Susan Granger's review of 'To the Arctic'
Celebrating Earth Day, the IMAX Theater at the Maritime Aquarium in Norwalk launches a journey to the top of the world with one of its coolest, most compelling nature films.
Narrated by Meryl Streep with music by Paul McCartney, it not only explores the Arctic's mammoth glaciers, waterfalls and ice fields but also gets up-close-and-personal with a mother polar bear and her twin seven-month-old cubs. Since polar bears are notoriously elusive, it was miraculous that this protective, nursing mother seemed indifferent to the camera crew, giving them unprecedented photographic access, as her cubs romped, played, swam and learned not only how to hunt but also when to stand their ground.
Throughout winter, resilient polar bears rely on food stored in their bodies, primarily from seals, which they hunt from ice platforms which once extended for miles into the sea. But ice floes are melting more rapidly than ever before, forcing them to swim further and compete for sustenance. So when a predatory male catches the scent of the ever-vigilant mother and cubs, their very lives are in danger as he doggedly pursues them for four, tension-filled miles.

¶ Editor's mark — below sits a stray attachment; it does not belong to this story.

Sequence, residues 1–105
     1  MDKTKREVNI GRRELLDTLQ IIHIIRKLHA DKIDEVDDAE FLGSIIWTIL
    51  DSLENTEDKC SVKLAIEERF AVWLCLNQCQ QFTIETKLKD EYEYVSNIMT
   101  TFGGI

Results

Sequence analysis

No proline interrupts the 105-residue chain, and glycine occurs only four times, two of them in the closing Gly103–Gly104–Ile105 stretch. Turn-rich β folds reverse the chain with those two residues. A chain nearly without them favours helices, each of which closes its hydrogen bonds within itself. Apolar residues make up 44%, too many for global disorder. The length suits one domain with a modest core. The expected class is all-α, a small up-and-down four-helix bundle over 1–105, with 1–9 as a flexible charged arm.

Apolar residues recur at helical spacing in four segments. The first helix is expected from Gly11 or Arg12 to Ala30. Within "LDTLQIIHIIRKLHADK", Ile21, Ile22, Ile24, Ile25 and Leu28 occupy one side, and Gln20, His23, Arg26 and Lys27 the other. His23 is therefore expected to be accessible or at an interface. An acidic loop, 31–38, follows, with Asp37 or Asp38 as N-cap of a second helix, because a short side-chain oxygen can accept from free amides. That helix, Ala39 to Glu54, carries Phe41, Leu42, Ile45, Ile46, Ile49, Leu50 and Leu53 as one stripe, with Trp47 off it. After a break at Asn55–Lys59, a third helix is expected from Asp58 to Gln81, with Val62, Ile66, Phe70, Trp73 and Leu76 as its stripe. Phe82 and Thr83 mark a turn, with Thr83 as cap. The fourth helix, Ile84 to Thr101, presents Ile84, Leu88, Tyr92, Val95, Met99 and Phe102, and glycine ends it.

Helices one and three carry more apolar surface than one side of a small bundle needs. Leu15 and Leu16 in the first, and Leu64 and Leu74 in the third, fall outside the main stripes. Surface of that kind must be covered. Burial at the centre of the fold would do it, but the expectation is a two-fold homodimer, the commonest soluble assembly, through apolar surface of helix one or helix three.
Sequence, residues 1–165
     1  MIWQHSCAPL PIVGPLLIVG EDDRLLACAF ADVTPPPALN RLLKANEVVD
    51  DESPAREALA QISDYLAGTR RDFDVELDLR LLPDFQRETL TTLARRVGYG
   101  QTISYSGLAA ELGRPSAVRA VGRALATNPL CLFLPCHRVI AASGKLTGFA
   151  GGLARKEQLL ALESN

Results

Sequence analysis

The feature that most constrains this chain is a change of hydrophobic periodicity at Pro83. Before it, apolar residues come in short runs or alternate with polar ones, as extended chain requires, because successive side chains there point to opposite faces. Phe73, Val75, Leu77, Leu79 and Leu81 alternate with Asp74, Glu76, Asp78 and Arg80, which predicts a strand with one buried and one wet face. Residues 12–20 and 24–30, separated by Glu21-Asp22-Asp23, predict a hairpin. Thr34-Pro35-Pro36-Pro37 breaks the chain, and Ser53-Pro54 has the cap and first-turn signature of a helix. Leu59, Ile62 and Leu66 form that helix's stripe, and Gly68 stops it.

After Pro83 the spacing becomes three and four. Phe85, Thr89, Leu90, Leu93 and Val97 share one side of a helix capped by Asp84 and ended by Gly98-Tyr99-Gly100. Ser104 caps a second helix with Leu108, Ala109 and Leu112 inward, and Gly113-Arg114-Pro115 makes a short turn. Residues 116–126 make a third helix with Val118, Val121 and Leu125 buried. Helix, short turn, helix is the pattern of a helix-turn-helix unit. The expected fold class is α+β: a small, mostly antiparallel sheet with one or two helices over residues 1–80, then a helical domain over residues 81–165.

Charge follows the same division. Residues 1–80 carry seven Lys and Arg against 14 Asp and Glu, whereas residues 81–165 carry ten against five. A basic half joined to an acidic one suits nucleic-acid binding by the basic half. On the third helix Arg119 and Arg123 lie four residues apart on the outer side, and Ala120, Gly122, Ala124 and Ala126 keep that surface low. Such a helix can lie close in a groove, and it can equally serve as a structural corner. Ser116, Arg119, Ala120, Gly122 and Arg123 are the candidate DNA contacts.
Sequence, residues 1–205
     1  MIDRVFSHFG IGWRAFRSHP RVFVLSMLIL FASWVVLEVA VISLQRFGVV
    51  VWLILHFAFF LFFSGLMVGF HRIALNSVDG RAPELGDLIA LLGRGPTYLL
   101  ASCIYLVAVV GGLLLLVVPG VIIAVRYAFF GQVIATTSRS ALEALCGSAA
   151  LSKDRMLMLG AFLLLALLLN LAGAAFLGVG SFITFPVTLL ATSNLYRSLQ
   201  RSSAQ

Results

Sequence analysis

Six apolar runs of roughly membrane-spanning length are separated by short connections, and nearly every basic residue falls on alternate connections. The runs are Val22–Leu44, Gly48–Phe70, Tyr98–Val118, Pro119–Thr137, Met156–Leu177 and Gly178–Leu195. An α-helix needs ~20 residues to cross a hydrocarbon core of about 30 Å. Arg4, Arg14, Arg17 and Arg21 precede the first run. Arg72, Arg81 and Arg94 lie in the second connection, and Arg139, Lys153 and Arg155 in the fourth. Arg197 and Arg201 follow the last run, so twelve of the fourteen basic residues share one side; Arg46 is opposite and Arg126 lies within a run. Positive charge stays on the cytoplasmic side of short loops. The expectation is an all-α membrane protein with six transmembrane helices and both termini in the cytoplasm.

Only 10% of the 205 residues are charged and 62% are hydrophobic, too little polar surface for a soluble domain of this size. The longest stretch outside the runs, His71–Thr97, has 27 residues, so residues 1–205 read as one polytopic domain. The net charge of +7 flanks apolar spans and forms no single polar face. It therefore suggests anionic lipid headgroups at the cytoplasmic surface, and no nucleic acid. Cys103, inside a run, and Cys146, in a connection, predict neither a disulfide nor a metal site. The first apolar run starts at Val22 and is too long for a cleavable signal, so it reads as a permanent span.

In addition to polar bears, there are walrus and seal colonies that populate the frigid shoreline, as well as herds of hearty musk oxen and caribou migrating through the tundra.
Oscar-nominated filmmaker Greg MacGillivray ("The Living Sea," "Dolphins") and his crew visited the Arctic seven times over four years, spending a total of eight months there, including four weeks aboard the 130-foot icebreaker MS Havsel, from which they spotted their captivating central characters. Never before had filmmakers tracked a polar bear family at such close range, 24 hours a day, for nearly a week, and photographer Bob Cranston discovered that the best way to record bears swimming was to dive just a little deeper than they usually venture and focus upward.
On the Granger Movie Gauge of 1 to 10, "To the Arctic" is an emotionally eloquent 8, awakening awareness for environmental conservation. To learn more and reserve tickets, call 203-852-0700 or www.maritimeaquarium.org.